Installing 3rd Party Certificate on Cisco Prime License Manager

As part of the 10.X Cisco Collaboration Systems Release, Enterprise License Manager (ELM) has been changed to Prime License Manager (PLM) and the system operates a little bit differently than ELM did. There are a few differences including how you install 3rd party signed certificates on the box. I will discuss some operating differences and how to handle getting 3rd party certificates on the PLM.

ELM/PLM is the licensing component included with several of the Cisco collaboration products. I prefer to have my ELM/PLM server be a standalone virtual machine (VM) vs. using a co-resident one with another collaboration application (both are supported by Cisco TAC). The system requirements for a standalone system are small and by having a stand alone VM, you can deal with ELM/PLM issues without impacting other application functions like CUCM or CUC.

In 9.X, ELM used to be in the CUCM/CUC install ISO which is now approaching 5 GB in size as of the latest 10.5(2) release. PLM operates similarly to ELM but it is now a standalone ISO and is less than a 1 GB in size. Since much of the CUCM/CUC stuff is stripped out, you don’t have GUI methods to deal with certificates.

Installing 3rd party certificates is not specifically documented for PLM currently (at least I couldn’t find it on CCO or Google). There is a CLI command reference guide and that was what I needed along with some assistance from TAC to piece together the procedure. Even TAC was initially unclear how to do this. I figured I would save you some time and outline the procedure here. You will need SSH access to the PLM CLI. Also, make sure you certificates are in Base64 format:

# Generate the CSR
set csr gen tomcat
# Retrieve the CSR & provide to your CA administrator
show csr own tomcat/tomcat.csr
# Upload root & any intermediate certs for the CA to PLM
set cert import trust tomcat
# View trust certs
show cert list trust
# Upload the signed tomcat cert to PLM
set cert import own tomcat tomcat-trust/<CAName from show>

After all of this you will need to cycle the Cisco Tomcat service, however, in version 10.5(2) there is no way to restart just the Cisco Tomcat service from the CLI, so you will need to restart your PLM VM:

utils system restart

Hopefully after all of this, you can have a 3rd party signed certificate on your PLM so you do not get the annoying certificate warnings when you connect to the administration GUI.

Disclosure: I am a member of the Cisco Champions Program. Cisco Champions are passionate about Cisco and enjoy sharing our knowledge, expertise, and thoughts across the social web and with Cisco. I am not a representative of Cisco. My views as a Cisco Champion are my own.

9 thoughts on “Installing 3rd Party Certificate on Cisco Prime License Manager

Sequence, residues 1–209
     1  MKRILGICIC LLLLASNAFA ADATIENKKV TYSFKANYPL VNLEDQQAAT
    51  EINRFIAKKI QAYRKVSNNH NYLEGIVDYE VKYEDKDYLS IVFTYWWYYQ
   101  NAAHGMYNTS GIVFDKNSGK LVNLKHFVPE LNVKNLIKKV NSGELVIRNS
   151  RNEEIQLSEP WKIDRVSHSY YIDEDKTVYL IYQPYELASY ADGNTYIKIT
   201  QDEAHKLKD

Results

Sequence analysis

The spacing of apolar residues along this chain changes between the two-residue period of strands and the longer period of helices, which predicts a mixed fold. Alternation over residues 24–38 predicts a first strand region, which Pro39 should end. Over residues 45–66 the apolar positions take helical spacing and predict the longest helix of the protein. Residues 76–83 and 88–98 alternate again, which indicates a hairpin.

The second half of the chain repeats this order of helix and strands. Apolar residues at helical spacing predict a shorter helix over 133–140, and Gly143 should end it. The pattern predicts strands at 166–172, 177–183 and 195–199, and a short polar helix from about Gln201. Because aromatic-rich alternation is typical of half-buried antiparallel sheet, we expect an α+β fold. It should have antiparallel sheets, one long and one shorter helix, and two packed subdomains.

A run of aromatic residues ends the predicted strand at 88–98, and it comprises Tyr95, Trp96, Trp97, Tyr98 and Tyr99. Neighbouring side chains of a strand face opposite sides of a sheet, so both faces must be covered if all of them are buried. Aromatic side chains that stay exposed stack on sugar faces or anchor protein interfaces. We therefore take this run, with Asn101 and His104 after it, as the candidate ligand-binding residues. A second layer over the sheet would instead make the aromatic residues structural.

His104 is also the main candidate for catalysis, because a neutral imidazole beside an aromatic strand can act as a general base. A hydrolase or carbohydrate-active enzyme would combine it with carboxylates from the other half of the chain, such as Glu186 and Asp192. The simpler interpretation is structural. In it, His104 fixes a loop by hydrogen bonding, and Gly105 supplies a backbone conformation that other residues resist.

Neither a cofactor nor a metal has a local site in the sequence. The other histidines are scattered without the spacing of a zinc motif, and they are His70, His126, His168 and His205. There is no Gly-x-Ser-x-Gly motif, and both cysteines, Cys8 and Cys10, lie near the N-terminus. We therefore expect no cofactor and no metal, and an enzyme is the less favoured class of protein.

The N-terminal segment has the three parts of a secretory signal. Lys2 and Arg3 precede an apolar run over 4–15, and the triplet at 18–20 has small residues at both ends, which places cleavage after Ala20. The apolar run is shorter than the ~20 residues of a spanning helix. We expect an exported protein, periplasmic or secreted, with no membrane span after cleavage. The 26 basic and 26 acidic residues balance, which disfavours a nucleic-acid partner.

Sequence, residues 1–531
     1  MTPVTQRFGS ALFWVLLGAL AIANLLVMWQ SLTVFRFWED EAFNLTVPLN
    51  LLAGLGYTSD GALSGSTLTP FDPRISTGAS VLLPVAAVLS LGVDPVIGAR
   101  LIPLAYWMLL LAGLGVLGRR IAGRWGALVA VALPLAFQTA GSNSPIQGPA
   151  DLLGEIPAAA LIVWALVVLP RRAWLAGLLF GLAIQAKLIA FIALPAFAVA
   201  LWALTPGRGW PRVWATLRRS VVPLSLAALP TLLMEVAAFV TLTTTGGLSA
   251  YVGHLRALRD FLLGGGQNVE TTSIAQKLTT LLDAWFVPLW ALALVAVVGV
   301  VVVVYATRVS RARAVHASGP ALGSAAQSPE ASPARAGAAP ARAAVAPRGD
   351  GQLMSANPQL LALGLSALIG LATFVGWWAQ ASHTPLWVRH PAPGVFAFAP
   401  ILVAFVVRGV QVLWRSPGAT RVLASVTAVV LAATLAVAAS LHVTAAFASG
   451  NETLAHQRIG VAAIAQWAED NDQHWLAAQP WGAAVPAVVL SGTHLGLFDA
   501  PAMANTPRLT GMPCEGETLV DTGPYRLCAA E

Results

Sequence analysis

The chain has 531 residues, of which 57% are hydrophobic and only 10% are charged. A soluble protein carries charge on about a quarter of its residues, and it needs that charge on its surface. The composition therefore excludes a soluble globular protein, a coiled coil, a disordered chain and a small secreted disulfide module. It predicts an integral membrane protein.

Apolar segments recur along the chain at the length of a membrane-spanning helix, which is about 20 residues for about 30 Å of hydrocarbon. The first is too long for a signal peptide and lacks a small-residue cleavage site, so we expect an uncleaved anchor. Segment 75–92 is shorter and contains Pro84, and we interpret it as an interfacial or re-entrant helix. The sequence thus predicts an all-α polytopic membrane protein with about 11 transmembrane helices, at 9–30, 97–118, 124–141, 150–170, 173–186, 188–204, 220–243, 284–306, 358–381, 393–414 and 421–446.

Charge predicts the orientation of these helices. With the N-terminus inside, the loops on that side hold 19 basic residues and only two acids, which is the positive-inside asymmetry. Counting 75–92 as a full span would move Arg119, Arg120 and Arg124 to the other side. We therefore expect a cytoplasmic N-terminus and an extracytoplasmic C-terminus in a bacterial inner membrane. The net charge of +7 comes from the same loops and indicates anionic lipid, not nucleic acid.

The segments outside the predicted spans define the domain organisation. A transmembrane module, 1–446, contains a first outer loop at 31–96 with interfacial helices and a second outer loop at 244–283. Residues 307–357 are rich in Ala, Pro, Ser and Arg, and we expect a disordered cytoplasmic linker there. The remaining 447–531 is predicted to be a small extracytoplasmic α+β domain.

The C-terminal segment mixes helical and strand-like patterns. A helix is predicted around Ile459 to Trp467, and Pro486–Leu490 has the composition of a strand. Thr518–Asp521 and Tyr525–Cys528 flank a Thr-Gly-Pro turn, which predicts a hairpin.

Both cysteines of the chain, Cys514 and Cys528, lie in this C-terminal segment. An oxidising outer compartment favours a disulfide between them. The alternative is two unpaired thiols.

1. I found mixed messages in the documentation about wildcard certificate support in 10.5, have you tried this?

  2. I was really disappointed at the lack of documentation on the certificate process. I have not specifically messed with wildcard certs with PLM, but I don’t see why it wouldn’t work. I know a lot of organizations use wildcard certs so that would be helpful if it was supported.

  3. Apparently this no longer works with 11.5
    I opened a TAC case and these 2 bugs were opened to track it.

  4. Wanted to say that I also opened a 3rd bug CSCvb73503 after contacting TAC and determining that the two bugs from ‘anonymous’ above were not sufficient to resolve the issues for our environment. TAC now has a workaround process to connect into the server via root access and remove the EC support from PLM-standalone.

  5. One more bug filed for Enhancement request (add Cert-mgr GUI similar to CUCM) as well.

  6. This process confirmed works with PLM 11.5.1 SU1 (must be SU1)
    Can also confirm works with PCD 11.5.3

  7. Thanks for sharing this Michael. Following your guide I have managed to upload our internal Root CA and Intermediate certs on version 11.5.1 (Su6). From a complete newbies perspective, the only thing I would add is that the certificate has to be imported in the PEM format. The only method available to me to obtain internally signed certificates is to download them with from our internal CA with the CER extension. The work around which seems to have worked quite nicely is to go to my CUCM publisher (where the same certificates had alreday been installed) and download the Root CA and Intermediaries in a PEM format, open in notepad ++ and copy and paste to PLM CLI. If I run show cert list trust – the two internal certs are shown.

    One last thing, I also ran a “show cert own tomcat” to check certificate attributes and noticed that PLM is different in that along with digitalsignature, keyEncipherment, dataEncipherement, it also has keyCertSign which CUCM Pub and Subs don’t have. So I need to certificate server admins to add keyCertSign to the template?

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